Inconsistent Grading Policies
Students talk to each other about their assignments and the grades that they are given. They can tell when a teacher hasn’t bothered to review the work before assigning it a grade. Sometimes teachers have run out of time to grade completed work, but this doesn’t lessen the frustration of a student who worked hard on an assignment.
They can also tell when a teacher isn’t using a rubric to fairly and accurately review work. Rubrics are a vital tool when it comes to sharing expectations about an assignment. They’re critical in helping teachers to assign grades consistently, especially if they have a lot of work to review in a short amount of time.
Not using a rubric means that students who had papers at the top of a pile may receive a better/worse grade than their peers, as the teacher has more energy and is paying more attention during the grading process. It can also result in inaccurate grades for work at the bottom of the pile, demonstrating a lack of consistency.
Assigning Busy Work
Teachers who haven’t planned their lessons well may fall back on assigning work just to keep students busy during the school day. Although some repetition and practice can be helpful when mastering new concepts, some teachers don’t know when to stop.
Busy work can lead to resentment by students, especially those who quickly pick up on a new concept or who already know the material well. They don’t like “wasting” time on things they already know and can be frustrated thinking that their teacher doesn’t respect their time.
7. External Circumstances Are Affecting a Student’s Behavior
A final factor that affects how much students interact with and respect their teachers involves external circumstances. These circumstances are often beyond the control of both the teacher and student, making it a challenge to address them in the classroom.
Students can manifest these stressors in different ways, including failing to show respect for their teachers. While most of these external circumstances are out of anyone’s control, knowing they exist can help identify where a student may need extra support, which can be beneficial for teachers looking to cultivate meaningful relationships as a pathway to mutual respect.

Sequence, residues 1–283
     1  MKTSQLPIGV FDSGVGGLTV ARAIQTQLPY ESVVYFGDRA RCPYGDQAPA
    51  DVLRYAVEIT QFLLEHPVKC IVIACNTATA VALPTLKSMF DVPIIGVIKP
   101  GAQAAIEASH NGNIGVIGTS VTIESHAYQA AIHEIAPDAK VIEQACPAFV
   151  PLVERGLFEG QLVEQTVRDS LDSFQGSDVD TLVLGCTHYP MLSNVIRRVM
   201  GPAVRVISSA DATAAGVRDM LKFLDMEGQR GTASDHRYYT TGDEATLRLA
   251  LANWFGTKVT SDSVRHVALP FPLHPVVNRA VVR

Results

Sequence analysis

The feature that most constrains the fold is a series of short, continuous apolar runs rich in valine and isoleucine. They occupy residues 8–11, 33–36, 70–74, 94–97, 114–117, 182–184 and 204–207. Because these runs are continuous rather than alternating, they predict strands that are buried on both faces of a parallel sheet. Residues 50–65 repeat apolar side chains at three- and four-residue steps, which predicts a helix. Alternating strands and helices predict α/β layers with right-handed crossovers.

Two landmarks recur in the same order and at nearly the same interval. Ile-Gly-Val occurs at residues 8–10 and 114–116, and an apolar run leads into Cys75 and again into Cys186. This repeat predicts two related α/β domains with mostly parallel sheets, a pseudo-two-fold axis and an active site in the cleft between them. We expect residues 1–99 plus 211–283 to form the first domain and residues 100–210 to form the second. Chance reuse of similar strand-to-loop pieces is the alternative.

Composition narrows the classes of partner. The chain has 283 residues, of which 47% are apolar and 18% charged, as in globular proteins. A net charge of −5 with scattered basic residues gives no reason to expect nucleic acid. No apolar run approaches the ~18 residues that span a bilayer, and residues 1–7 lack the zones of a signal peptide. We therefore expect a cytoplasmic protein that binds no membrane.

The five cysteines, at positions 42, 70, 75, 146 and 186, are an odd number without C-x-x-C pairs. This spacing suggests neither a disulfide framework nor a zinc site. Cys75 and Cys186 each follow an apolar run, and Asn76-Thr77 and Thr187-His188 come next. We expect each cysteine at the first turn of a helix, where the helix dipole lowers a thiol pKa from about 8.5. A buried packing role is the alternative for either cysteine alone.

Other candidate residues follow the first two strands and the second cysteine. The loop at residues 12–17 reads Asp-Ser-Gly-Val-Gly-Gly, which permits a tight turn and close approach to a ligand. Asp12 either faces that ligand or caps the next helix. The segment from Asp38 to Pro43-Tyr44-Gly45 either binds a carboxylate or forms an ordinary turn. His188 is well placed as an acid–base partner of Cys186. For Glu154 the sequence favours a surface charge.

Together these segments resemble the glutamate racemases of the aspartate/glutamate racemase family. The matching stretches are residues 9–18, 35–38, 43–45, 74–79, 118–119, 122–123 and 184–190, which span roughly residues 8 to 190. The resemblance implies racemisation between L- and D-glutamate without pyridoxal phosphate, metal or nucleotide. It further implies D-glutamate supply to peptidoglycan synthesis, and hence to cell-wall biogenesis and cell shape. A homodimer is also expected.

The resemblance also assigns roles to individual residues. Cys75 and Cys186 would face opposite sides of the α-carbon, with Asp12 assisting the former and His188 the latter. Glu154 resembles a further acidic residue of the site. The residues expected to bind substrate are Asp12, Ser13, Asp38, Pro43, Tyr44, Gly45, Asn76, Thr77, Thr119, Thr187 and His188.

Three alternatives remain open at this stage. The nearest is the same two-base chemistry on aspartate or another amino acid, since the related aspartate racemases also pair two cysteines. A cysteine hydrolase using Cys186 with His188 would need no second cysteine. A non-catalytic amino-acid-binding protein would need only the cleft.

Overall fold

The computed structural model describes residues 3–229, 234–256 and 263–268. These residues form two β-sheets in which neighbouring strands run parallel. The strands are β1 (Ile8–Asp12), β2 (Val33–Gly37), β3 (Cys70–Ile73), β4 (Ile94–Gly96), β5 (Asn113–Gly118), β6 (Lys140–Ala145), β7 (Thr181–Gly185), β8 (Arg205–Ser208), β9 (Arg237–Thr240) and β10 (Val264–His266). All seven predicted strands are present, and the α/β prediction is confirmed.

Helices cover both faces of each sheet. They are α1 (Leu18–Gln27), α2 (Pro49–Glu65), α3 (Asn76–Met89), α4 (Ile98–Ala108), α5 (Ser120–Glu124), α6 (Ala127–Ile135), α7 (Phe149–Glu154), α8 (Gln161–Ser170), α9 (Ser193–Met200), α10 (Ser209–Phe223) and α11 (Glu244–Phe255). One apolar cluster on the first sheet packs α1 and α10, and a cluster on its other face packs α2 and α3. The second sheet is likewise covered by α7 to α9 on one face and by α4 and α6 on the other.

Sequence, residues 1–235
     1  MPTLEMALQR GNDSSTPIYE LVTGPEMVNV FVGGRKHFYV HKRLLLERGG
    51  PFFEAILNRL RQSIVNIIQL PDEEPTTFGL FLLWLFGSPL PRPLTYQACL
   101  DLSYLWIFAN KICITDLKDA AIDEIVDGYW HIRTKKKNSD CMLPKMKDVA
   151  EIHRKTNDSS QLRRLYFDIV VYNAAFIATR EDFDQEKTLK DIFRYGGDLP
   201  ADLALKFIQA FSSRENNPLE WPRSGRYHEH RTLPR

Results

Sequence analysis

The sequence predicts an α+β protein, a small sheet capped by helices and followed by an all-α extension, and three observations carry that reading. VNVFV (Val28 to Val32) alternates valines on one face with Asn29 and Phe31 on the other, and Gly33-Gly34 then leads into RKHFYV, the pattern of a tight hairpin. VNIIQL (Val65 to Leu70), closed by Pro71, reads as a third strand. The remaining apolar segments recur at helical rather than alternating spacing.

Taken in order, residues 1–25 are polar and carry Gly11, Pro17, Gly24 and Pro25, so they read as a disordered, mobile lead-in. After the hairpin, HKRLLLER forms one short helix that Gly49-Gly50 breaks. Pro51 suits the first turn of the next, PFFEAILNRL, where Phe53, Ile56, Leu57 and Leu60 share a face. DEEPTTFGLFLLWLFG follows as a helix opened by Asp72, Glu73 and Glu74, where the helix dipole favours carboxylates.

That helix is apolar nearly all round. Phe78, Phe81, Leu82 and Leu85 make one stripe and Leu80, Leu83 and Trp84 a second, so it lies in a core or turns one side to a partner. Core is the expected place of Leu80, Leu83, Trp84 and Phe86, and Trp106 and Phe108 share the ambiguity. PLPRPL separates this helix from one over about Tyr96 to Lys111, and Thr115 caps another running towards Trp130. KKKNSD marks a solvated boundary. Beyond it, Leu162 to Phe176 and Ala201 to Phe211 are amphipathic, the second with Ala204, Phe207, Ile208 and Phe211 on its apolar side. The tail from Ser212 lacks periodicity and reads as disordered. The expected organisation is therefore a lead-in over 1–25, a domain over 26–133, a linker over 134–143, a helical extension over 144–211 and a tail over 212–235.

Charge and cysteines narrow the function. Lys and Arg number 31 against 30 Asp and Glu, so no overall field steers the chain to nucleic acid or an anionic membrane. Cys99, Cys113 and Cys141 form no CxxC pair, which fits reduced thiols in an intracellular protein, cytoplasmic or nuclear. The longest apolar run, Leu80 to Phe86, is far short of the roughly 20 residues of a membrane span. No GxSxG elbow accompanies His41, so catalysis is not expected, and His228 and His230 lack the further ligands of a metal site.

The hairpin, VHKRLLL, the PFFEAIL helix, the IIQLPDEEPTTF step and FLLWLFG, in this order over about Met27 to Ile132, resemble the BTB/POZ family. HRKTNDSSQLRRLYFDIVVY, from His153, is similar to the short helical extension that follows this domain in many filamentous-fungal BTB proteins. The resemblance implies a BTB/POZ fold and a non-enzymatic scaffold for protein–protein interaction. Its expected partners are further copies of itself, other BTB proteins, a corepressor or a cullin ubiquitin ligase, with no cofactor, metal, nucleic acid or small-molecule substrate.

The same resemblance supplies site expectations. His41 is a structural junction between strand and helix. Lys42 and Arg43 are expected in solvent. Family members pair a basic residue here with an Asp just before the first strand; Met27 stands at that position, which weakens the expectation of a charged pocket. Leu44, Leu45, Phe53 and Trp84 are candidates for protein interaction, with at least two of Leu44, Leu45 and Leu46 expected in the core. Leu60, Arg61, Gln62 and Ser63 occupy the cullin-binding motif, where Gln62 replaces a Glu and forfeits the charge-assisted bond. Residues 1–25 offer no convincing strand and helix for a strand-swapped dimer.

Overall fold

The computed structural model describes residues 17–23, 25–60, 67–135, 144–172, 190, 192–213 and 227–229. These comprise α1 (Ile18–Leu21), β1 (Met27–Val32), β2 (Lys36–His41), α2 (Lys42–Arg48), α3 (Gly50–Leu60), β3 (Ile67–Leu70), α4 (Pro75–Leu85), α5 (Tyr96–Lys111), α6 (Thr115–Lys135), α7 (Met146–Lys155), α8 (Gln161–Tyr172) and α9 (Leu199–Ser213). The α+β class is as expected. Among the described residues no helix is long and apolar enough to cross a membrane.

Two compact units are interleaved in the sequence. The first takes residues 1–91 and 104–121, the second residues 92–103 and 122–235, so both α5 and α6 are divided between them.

Although students are in the classroom for six to eight hours almost every day, their family situation outside of the school can be a critical factor in how they behave. Students who come from challenging family situations might not have parents or other adults who model appropriate respect for others.
These students may have limited experience understanding how respect works, and their behavior follows the only path they have ever known.
Other at-home factors can impact a student’s entire worldview in ways that teachers may not always realize. For example, a student who doesn’t get enough to eat at home may be so hungry during the school day that they cannot interact with their peers and teachers appropriately or even pay attention during lessons.
Other students may have so many additional responsibilities at home, such as child care, household chores, or caring for an ill or aging parent, that they don’t get enough sleep and are thus exhausted during the school day.
With the 24-hour news cycle, students are constantly being bombarded by all of the terrible things happening in the world at any given time. Not all students handle this kind of negative information well, leading to anxiety and depression. Although some students may benefit from talking about these world affairs, others may need a break from them.
There’s no doubt that the global pandemic has created additional stress for both students and teachers. The shift to online learning and working was challenging for everyone, and the constant unknowns of what the next day or week would bring created unprecedented anxiety.
School can be a highly stressful environment for both students and their teachers. Teachers often fail to show mutual respect for their students and don’t cultivate the relationships many students need to succeed.
Teachers may also struggle with using outdated methods and technologies, keeping classroom discipline, and assigning thoughtful and appropriate assignments. Students are also subject to many external stressors that neither they nor the teacher can control, which can be reflected in how they interact with teachers and other authority figures.
If you want to improve your relationship with your students, check out the article How To Win Over Your Students Fast.
- LinkedIn Pulse: Why teachers are losing the respect from students: 10 Reasons
- Education Week: ‘Students Respect Teachers Who They Feel Respect Them’
- Journal of Leadership Education: The Construct of ‘Respect’ in Teacher-Student Relationships: Exploring Dimensions of Ethics of Care and Sustainable Development
- Western Governors University Hey Teach!: How to Earn Respect in the Classroom
- Rochester Institute of Technology Reporter Magazine: Why teachers need more respect
- KQED: Teaching Respect and Responsibility – Even to Digital Natives
- Association for Supervision and Curriculum Development: How Powerpoint is Killing Education
- Western Governors University Hey Teach!: 8 Classroom Management Mistakes Teachers Make at the Beginning of the Year
- SpringerLink: The teacher’s pet phenomenon 25 years on
- Education Resources Information Center: Classroom Environments of Respect for Questioning and Discussion
- Edutopia: Compassion As a Classroom Management Tool
- YouTube: Tanner PLS: Why students don’t respect their teacher
- Eric Education: 1 Classroom Environments of Respect for Questioning and Discussion Yvette Powell Robitaille, EdD Nancy Maldonado, PhD Walden Uni